I search endlessly for figures and by now I have seen very, very many. So when I find something unusual, my heart skips a little beat. Nowadays, that doesn't happen often (fortunately for my heart and finances, if not my collection!)...but when I saw this set of Staffordshire figures, I felt that tell-tale flutter.
Pearlware figures depicting Faith, Hope, and Charity, available at time of writing from madelena.com, Madelena Antiques. Heights 7-1/4" to 8-3/4".
So what makes these figures special? Firstly, they are a set. It is really not that easy to find all three ladies together. Secondly, the figures are attributable to that master potter, Ralph Wood. And Ralph Wood made some fabulous figures--great modeling and yummy enameling over silky glaze. Just delicious all the way around.
How do I know these are Ralph Wood figures without examining them? Well, there are several clues detectable from this photograph.
1. The titling is in a font format associated with RW figures.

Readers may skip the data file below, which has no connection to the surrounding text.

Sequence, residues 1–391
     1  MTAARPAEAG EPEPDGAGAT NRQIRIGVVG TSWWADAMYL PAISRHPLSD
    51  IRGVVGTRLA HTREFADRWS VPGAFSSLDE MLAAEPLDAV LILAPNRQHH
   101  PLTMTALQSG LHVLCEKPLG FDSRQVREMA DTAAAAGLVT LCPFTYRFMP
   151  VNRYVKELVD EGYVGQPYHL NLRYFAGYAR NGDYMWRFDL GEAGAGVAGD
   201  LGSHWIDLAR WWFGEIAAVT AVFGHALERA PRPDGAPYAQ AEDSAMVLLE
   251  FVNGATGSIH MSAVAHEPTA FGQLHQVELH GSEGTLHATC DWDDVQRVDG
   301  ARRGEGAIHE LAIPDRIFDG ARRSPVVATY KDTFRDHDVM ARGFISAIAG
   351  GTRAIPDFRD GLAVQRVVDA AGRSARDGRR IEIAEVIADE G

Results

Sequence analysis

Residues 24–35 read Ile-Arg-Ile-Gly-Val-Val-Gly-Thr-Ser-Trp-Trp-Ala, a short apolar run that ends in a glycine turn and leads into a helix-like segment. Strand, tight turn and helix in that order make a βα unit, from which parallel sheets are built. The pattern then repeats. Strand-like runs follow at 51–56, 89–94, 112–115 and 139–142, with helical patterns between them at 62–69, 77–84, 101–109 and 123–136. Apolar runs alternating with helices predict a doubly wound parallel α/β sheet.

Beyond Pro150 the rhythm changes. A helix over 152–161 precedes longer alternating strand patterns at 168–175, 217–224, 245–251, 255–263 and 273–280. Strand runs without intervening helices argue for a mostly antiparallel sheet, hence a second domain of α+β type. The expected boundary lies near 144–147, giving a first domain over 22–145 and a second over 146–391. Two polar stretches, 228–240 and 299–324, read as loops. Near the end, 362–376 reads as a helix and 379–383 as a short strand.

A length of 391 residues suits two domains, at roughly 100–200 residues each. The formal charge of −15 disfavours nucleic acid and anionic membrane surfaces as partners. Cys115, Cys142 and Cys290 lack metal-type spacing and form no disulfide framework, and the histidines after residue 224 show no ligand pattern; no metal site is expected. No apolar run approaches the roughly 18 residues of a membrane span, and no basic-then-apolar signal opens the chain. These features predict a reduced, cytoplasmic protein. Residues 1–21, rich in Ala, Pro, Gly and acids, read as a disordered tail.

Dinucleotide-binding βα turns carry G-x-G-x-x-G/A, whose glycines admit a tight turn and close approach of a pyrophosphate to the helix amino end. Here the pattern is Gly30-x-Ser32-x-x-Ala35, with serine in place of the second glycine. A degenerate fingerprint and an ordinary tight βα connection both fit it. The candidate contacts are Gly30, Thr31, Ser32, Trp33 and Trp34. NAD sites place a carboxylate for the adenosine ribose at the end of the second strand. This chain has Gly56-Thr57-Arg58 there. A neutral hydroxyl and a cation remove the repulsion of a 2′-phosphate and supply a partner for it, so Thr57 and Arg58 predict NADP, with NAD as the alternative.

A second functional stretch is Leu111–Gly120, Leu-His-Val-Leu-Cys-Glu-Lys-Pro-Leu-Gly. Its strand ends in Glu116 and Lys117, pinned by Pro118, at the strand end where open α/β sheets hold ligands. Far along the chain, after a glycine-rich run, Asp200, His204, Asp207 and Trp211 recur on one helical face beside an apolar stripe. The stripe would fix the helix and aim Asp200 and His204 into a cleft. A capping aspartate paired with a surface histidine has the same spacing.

2. The rainbow coloring on the mound bases is found on other RW figures.
3. The line on the bases goes around only three sides of each base--Jo at Madelena confirmed this fact for me. Important because this is another RW decorative feature.
Any one of these features alone might not be enough to assure me of a Wood attribution--but put them together and I am certain. No wonder my heart skipped that beat when I saw these Staffordshire figures!
Fascinating Factoids about Faith, Hope, and Charity: These Christian theological virtues have traditionally been portrayed in art in female form, each accompanied by an appropriate attribute. Faith holds a book representing the Scriptures. Hope gazes heavenward; the anchor at her side originates from St Paul, which describes hope as “an achor of the soul.” (Heb. 6:19). Charity is believed to be the greatest of the virtues, embodying both love of God and others. Appropriately, the figure of Charity portrays these dual aspects. She nurtures children, and in some models one child sometimes holds a crucifix.